My text this morning is taken from the seventeenth chapter of the Gospel according to John beginning at the 17th verse.
“Make them holy by the truth; for your word is the truth. I have sent them into the world, just as you sent me into the world. And I have consecrated myself for their sakes that they may be made holy by the truth.” John 17: 17–19 JB Phillips translation
This portion of scripture is taken from John’s account of Jesus’ final hours with his disciples. It is our Lord’s prayer to God, meant to prepare his followers for the time ahead. The time, in the not too distant future, when they will be on their own. He was speaking with them as they sat together in the Upper Room and partook of the community meal on the night in which he was betrayed.
Today we have come to the seventh Sunday of Easter. But it is also the Sunday after this past Thursday’s Celebration of the Ascension of our Lord.
In other parts of the world Ascension is looked upon as a major feast day and is commemorated as such. In the American church it’s just another Thursday, which is strange since the Ascension of our Lord is an important transition between Easter and Pentecost.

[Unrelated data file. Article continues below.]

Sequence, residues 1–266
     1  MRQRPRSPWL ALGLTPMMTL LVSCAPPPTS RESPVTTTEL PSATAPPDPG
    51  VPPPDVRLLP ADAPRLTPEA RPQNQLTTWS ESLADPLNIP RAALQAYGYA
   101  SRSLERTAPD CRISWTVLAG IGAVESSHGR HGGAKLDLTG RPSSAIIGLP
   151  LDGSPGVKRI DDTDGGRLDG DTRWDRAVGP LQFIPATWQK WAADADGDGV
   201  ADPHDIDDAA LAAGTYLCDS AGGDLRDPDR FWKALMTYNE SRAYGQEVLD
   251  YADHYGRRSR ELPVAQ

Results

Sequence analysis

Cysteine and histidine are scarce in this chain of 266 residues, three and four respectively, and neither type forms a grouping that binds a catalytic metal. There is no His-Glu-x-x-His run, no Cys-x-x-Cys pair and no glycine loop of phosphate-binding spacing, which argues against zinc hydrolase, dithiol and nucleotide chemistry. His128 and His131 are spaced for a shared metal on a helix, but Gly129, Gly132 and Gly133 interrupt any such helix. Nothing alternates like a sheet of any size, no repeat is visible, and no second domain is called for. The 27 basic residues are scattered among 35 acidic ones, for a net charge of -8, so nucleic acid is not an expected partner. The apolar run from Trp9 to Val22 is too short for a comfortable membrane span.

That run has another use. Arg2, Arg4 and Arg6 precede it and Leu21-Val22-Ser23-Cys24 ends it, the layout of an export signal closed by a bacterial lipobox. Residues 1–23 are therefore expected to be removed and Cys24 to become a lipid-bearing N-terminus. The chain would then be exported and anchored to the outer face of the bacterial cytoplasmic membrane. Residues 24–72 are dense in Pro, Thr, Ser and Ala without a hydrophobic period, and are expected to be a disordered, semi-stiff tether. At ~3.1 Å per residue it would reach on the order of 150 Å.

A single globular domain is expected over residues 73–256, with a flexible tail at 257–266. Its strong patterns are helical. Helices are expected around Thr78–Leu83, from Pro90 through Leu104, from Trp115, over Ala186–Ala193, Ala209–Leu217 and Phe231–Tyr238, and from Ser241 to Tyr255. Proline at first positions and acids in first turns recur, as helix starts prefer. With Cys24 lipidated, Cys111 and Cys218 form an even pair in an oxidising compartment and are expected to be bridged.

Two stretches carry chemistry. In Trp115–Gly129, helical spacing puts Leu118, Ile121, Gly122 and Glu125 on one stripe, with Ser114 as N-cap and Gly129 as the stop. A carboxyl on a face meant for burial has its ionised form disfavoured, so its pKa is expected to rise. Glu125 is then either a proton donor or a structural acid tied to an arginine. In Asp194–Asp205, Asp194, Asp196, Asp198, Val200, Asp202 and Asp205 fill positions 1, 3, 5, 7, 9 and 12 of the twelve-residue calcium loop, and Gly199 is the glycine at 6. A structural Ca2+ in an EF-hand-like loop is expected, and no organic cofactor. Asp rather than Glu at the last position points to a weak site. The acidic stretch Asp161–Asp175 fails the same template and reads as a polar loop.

It is the point in the disciples walk with Jesus that they were sent into the world, on their own, without their Lord and Savior to guide them. To be sure, Jesus was ever present, but as they watched him ascend they were probably left with the thought, “What do we do now? He is gone and we are on our own!!”
In all honesty it had to be an empty feeling. A feeling of aloneness, not loneliness, but aloneness, that is, separation for the secure and the comfortable in the very presence of Jesus in their midst.
His words in the Upper Room, “Holy Father, I have sent them into the world, just as you sent me into the world,” held an entirely new meaning as the reality of the task set before them took hold. It was time for them to grow up and accept the full responsibility of what Discipleship meant.
But that was a couple of centuries ago. What does any of that have to do with those of us sitting in this place this morning? For each of us who calls on the name of the Lord and accepts the mantle of discipleship it is also time for us to grow up and live the gospel that we hear weekly.
Fr. Marcus Halley puts it this way; “The Ascension challenges us because in leaving us, Jesus is showing us that God truly believes in us and our ability to change the world, to participate in the in-breaking of the Reign of God.” (From Looking to Living: How Ascension calls us Higher, sermon, Fr. Marcus Halley, May 31, 2014–St. Andrew’s Episcopal Church, Kansas City, MO)